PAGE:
Training Industry Magazine - Fall 2015 - (Page 21)

let's get SERIOUS about LIVE TRAINING instructor-led BY DALE LUDWIG WITH SO MANY MODES OF TRAINING DELIVERY AVAILABLE TO LEARNING AND DEVELOPMENT (L&D) PROFESSIONALS - ONLINE, BLENDED, SYNCHRONOUS, ASYNCHRONOUS, MOBILE - IT'S COMMON TO ASK WHETHER A TRADITIONAL FACE-TOFACE WORKSHOP IS NECESSARY TO MEET THE NEEDS OF THE BUSINESS. IN MANY CASES, IT'S NOT. WHEN IT IS, THOUGH, WE HAVE A RESPONSIBILITY TO MAKE THIS MODE OF DELIVERY WORTH THE INVESTMENT IN TIME AND RESOURCES. To that end, training professionals spend a lot of time thinking about the needs of adult learners. What some of them do not fully take into account, though, is that the adults with whom they work are not merely "adults." They are Busy People at Work. These learners have unique perspectives and specific needs. Unlike adults in nonbusiness learning environments, they view training as a job responsibility, important for their work and their advancement, and are very busy. Time spent in training is time away from their regular responsibilities. Understanding and empathy for this type of learner must be the driving forces behind training design and delivery. When they are, trainers earn the trust and good will of their learners. Without trust and good will, learners check out of the process. Here are five key concepts to keep in mind when designing and delivering training for Busy People at Work. 1 MAKE IT A CONVERSATION To determine what the live, instructorled training environment needs to be, let's turn to Stephen Brookfield. In "Understanding and Facilitating Adult Learning," Brookfield says face-to-face learning is a "transactional dialogue," an exchange of information between trainer and learner, not simply the delivery of information. As Brookfield describes it, this dialogue is one in which "comments and contributions of the participants build organically on each other's views and in which alternative viewpoints, differing interpretations, and criticism are elements essential to the encounter." In other words, what happens between trainer and learner in the classroom shares many characteristics with regular, everyday conversation. It is spontaneous, sometimes non-linear and includes everyone's perspective on what is being learned. Trainers need to prepare for a dialogue in which fundamental questions, pertinent examples and crucial clarifications can be aired and addressed. This conversation is a primary benefit of face-to-face learning. 2 PLAN TO SUCCEED ON TWO LEVELS Every training conversation (as well as every business meeting, presentation or discussion) works on two levels: There is a business goal and a process goal. In training, the business goal is about reaching learning objectives. For Busy People at Work, this goal is met when the T R A I N I N G I N DUSTR Y MA GAZ INE - FALL201 5 I WWW.TRAININGINDU S T RY . C OM/ MAGAZ I NE 21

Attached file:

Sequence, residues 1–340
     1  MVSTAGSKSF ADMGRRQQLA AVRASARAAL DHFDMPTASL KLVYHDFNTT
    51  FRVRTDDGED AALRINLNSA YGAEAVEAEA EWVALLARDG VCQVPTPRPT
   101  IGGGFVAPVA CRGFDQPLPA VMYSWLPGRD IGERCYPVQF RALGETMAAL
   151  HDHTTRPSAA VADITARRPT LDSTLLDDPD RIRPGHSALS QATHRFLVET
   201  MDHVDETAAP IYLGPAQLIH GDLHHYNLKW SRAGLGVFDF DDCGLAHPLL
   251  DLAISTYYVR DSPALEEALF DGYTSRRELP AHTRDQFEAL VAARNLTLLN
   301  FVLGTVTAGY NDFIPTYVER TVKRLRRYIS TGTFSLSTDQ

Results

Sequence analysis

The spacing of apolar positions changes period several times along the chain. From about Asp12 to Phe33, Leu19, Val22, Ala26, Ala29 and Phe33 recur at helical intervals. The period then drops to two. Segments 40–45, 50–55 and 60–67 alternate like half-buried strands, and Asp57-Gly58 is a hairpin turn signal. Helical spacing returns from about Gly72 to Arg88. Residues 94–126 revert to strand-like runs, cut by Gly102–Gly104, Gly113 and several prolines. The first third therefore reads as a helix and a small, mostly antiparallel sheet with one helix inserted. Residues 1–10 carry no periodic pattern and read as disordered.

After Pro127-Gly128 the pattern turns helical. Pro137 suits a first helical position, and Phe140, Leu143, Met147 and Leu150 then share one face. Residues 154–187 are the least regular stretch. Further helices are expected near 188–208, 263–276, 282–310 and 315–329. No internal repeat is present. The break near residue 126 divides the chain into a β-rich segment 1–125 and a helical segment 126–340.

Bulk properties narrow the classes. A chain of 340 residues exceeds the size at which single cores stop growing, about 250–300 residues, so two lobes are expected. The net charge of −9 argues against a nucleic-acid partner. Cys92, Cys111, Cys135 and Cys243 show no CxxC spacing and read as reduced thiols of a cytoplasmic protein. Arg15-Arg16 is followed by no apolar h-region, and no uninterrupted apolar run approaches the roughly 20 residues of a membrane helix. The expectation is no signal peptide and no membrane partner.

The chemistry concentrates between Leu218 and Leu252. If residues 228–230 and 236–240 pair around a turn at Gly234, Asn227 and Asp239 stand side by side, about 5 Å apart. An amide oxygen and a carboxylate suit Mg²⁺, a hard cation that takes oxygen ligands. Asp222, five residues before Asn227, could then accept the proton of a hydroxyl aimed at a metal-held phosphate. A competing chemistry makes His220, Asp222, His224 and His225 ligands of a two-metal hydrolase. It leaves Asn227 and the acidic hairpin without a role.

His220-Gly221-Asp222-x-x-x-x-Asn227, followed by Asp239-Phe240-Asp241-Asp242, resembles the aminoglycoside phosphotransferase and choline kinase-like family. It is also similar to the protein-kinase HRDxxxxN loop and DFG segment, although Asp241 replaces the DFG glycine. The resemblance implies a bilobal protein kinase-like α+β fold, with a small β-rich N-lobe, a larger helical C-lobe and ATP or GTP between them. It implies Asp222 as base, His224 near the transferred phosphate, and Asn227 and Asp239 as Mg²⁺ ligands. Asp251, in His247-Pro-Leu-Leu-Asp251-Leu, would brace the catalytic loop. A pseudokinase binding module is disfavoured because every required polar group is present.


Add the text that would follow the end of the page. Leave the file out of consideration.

Table of Contents for the Digital Edition of Training Industry Magazine - Fall 2015

Delivery: Is This Where Technology Changes the Game?
Table of Contents
Guest Editor: The Pendulums Swing
Access Trumps Knowledge: Changes for Training Delivery
Hardwired to Learn
Using a Blended Approach When Crafting a Training Delivery Strategy
Planning, Developing and Implementing Serious Games
Let's Get Serious about Live, Instructor-led Training
Just What Employees Ordered: Personalized Adaptive Learning
Training with Pictures, Not Bullet Points
Anti-Social Learning?
Using Microlearning and Information Design to Elevate Soft Skills Training
How Improvisation Can Drive Employee Engagement
Accelerating Expertise with Simulations
Technology and Trends Driving the China Training Market
Helping Buyers of Training Services Become More Savvy
Are Bad Communication Habits Holding You Back?
Measuring the ROI of Social Media within Your Organization
Closing Deals
Company News
What's Online
Training Talk

Training Industry Magazine - Fall 2015